A retinal detachment occurs when the retina peels off the inside of the back wall of the eye. When detached, the retina does not function, so that when part of the retina is detached there is a gap in the vision and when the whole retina is detached the eye is blind. Retinal detachment occurs in about 0.01% of the population, but is more common in myopic (shortsighted) eyes.

Symptoms of Retinal Detachment
Retinal detachment itself causes a sudden loss of part or all of the vision in the eye. It does not cause any pain. In many cases, as explained, a retinal detachment is preceded by floaters and flashing lights.

Treatment for Retinal Tears
As mentioned, retinal tears can be welded down with a laser or cryotherapy (freezing). However a few retinal tears are better left, a decision which needs to be made by your eye specialist. Treatment of retinal tears causes little or no discomfort and is performed as an outpatient.

Treatment for Retinal Detachment

Almost all retinal detachments require surgery, which should be carried out within a few days..

Retinal Detachment Operations
All retinal detachments are different, and the characteristics of the detachment determine the type of surgery. In most cases the surgery is done under local anaesthetic, although general anaesthesia may be preferable in certain circumstances.

  • Pneumatic Retinopexy -
    This technique is reserved for the least complicated detachments. A gas bubble is injected into the vitreous. It prevents liquid from travelling through the retinal tear and thus the retina re-attaches. At the same time or later, either laser or cryotherapy is used to seal the retinal tear to the back wall of the eye. It is necessary to stay in a particular posture for a few days afterwards to keep the bubble in the correct position.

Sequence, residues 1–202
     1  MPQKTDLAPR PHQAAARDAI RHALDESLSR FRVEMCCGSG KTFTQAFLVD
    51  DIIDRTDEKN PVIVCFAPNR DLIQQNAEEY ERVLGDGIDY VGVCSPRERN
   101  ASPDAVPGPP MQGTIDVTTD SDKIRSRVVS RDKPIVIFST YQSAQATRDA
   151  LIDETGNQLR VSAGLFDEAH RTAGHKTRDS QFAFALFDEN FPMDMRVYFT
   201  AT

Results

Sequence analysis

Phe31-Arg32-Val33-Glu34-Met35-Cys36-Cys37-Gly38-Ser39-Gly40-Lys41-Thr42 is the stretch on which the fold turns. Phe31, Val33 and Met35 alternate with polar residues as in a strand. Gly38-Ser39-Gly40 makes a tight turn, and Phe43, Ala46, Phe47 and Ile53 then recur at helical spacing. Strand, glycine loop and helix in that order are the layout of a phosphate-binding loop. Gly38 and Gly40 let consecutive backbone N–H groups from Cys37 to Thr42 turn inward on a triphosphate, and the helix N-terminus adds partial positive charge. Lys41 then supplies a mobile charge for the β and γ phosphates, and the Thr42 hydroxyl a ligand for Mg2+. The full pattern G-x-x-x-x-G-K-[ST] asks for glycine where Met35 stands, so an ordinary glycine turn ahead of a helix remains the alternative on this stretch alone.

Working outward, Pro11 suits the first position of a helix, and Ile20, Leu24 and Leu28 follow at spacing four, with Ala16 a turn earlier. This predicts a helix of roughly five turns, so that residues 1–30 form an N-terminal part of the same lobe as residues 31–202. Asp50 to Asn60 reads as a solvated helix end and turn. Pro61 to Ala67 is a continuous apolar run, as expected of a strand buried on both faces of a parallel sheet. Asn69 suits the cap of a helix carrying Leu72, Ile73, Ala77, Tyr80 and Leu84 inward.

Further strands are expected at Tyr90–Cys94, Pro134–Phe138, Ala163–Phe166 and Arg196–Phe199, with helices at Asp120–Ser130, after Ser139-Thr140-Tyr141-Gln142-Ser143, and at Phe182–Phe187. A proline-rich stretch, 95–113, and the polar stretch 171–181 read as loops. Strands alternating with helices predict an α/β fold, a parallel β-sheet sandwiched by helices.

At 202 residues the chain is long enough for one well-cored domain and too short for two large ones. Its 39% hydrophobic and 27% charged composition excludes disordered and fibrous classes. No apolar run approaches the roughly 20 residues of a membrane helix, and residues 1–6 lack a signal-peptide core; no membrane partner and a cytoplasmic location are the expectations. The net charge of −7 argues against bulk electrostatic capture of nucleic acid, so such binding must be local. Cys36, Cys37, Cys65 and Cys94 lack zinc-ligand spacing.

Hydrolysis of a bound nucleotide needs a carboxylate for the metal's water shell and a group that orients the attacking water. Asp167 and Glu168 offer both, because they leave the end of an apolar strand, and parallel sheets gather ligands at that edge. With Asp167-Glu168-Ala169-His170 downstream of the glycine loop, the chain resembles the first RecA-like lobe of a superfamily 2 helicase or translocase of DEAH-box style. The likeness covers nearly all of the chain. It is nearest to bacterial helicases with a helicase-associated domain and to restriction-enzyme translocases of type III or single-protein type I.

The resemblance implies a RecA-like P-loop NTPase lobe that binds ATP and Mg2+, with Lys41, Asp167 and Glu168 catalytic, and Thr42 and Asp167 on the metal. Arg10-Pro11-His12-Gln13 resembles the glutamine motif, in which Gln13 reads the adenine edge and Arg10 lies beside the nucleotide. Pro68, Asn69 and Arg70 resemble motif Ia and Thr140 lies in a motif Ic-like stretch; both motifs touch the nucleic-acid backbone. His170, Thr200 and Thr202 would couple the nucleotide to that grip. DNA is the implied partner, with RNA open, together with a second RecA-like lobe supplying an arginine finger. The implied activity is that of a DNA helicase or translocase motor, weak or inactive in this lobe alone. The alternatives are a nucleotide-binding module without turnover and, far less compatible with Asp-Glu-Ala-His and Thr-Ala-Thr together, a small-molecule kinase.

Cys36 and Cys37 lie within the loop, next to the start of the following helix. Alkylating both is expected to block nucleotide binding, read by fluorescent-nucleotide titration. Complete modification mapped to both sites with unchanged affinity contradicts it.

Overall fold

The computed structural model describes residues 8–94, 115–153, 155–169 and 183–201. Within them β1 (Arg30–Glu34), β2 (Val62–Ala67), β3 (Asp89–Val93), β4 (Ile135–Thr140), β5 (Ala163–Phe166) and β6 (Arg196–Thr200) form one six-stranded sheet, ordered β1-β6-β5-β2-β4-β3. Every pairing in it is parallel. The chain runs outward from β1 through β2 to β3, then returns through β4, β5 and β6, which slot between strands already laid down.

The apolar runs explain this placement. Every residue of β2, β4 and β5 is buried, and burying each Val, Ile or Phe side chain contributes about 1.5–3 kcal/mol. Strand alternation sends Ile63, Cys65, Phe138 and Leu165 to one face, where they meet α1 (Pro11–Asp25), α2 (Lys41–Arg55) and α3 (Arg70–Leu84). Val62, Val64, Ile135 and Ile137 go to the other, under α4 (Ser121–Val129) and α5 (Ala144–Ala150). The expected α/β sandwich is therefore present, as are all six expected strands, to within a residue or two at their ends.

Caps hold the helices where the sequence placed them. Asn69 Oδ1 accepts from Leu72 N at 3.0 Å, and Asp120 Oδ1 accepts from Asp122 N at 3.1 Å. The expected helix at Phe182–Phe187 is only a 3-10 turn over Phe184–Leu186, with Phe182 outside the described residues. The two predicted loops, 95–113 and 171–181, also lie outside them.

• Scleral Buckle -
    A piece of silicone is sutured onto the wall of the eye to counteract the force pulling the retina out of place. This is often combined with draining fluid from inside the eye and with injecting gas.

  • Vitrectomy -
    The vitreous gel, which is pulling on the retina, is removed from the eye. This is usually combined with injection of gas or silicone oil, and often also with a scleral buckle. This combined technique is often reserved for more complicated detachments.

After Eye Surgery
There is usually some discomfort after surgery. If gas has been inserted, then it may be necessary to assume a particular head position for a few days. Air travel is unwise with a gas bubble in the eye, as the bubble may expand and cause a dangerous rise in the eye pressure.

Results of Surgery
If the retina can be successfully re-attached, the vision improves. However if the centre of the retina has been detached, the vision may never return fully. The sooner surgery is carried out the better, so it is important to see an eye specialist as soon as you suspect any trouble.

The Complete Eye-Care Specialists
Eye Institute is considered to be Retina Specialists in New Zealand. Our focus on excellence prompted us to develop New Zealand’s first purpose-built day-stay hospital. This enables us to enhance our quality of care while keeping costs amongst the lowest in the eye care field. As an added benefit we also offer a special finance plan to help you with your budgeting.

We provide free video tapes and brochures answering common questions about laser vision correction, cataract surgery, glaucoma, retinal surgeryvitreoretinal surgery, macular degeneration, pterygium, dry eyes and strabismus (squint). Please don’t hesitate to ask for more information.